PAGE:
- Consider in-text links. If you do want to place a potentially crucial item or two in your article, you might consider text links. They look a little cleaner and still offer a generally well-received reader experience.
What to Avoid:
Layout & Formatting:
- Avoid excessive bolding, italicizing, and underlining. A lot of bolding, underlining, and italicizing can make a text look muddled.
- Whole Paragraphs: We recommend that you don’t have entire paragraphs bolded. That can also mean refraining from using alternative text box formattings (such as “Heading 2”) for entire paragraphs.
- Underlining looks like a hyperlink, but isn’t. Underlining things is almost never recommended because it looks like a hyperlink, but isn’t. Readers go to click on the link only to find that it isn’t a link at all.
- Keywords don’t need bolding. An old SEO practice was to bold your keywords in an attempt to have your page register higher on Google. Excessive bolding, especially of potential keywords, can look like an attempt at poor SEO practices; therefore, it’s also best to avoid bolding (unless you want something to be truly emphatic—and want to use the bolding sparingly).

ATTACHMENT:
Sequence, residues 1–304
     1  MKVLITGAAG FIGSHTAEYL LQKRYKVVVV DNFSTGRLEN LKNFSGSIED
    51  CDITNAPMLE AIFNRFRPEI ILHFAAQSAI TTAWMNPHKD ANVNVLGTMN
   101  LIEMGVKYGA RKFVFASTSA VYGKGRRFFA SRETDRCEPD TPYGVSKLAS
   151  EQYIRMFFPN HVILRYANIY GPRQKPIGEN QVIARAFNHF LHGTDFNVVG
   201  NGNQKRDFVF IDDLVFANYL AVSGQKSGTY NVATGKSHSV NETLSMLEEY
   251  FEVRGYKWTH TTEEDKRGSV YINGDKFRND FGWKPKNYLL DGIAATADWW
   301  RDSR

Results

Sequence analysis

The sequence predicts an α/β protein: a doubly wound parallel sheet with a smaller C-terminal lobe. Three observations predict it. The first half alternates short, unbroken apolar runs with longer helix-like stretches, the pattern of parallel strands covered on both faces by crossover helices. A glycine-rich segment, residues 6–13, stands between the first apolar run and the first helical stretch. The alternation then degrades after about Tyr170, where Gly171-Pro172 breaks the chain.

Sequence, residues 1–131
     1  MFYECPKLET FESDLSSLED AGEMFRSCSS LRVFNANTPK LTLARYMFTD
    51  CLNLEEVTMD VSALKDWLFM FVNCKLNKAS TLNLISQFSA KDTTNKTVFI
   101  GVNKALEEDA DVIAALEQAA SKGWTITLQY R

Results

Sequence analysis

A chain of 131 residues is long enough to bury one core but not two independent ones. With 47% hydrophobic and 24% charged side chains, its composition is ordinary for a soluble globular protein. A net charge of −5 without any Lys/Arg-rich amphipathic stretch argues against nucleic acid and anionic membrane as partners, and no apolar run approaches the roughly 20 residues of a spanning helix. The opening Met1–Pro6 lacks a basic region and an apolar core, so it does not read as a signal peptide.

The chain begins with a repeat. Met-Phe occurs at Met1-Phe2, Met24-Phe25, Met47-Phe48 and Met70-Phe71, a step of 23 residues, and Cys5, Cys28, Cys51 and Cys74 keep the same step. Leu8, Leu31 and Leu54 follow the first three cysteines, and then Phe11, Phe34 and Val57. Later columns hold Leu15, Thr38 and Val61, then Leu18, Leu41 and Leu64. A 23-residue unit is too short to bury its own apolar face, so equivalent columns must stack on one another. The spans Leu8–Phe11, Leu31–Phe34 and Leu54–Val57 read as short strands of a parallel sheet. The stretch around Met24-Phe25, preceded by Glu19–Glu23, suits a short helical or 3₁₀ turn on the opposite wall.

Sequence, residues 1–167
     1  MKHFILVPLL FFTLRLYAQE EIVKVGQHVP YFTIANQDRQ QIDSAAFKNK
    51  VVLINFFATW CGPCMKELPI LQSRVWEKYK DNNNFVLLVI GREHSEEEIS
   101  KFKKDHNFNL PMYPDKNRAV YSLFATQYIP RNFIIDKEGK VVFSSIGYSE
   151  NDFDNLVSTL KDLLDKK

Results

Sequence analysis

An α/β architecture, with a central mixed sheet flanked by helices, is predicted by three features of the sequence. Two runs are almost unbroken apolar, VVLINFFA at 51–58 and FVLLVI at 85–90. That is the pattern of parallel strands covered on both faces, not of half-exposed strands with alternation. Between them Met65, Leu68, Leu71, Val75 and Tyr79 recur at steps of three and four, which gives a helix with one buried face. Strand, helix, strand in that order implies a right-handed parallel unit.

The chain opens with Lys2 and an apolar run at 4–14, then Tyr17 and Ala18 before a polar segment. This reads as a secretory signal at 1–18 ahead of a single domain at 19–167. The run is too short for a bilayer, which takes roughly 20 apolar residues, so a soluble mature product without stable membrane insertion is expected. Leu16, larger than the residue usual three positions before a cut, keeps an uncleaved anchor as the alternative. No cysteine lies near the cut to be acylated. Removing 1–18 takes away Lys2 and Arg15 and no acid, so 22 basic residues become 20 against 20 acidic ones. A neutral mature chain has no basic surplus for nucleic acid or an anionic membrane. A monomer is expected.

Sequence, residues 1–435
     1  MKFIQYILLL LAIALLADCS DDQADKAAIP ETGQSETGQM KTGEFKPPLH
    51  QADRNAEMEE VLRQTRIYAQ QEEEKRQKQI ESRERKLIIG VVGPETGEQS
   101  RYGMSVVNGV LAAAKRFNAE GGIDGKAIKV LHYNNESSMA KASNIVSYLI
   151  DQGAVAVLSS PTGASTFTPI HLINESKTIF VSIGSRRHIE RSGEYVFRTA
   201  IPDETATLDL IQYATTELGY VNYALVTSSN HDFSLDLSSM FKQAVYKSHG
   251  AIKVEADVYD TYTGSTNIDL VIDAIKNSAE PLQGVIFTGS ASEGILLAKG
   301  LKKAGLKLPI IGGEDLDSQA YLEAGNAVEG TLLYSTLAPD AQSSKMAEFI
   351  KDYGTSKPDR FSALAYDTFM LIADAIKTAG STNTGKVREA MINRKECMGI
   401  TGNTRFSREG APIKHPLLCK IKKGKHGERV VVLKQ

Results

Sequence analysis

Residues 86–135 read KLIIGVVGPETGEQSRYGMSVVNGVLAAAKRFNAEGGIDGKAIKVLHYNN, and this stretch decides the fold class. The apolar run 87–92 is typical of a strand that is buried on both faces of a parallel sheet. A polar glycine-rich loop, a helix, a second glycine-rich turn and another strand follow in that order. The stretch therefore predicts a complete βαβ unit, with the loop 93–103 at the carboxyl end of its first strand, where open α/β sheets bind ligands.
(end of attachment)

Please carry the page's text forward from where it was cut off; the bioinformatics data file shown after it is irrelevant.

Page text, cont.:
- Avoid keyword stuffing and multiples of the same word. Typically, you don’t want to have multiples of the same word in your title, as it can come across as keyword stuffing, something Google frowns upon. For instance, “The Perfect Cake Batter - Make Perfect Cake Batter Every Time” is not only redundant, it’s a bit stuffed. Instead, you might consider a title like, “How to Create the Perfect Cake Batter Every Time.” It’s succinct, to the point, and doesn’t use repeated words or phrases.
- Avoid totally unrelated products. Avoid placing totally unrelated products in your articles. For instance, jewelry, outdoor equipment, shoes, and/or purses likely have no business in your article.
Here are some examples of articles on Delishably that exhibit the type of high-quality work we wish to see on the site:
A quick note: All of the HubPages network sites are a blending of professional editing and writers like you.
If you are intrigued by our community and would like to write for Delishably, we’d love to have you! In order to set up an account to begin writing, please sign up on HubPages. Articles are initially written on our parent platform and then, if they are high enough quality, moved to one of our network sites like Delishably.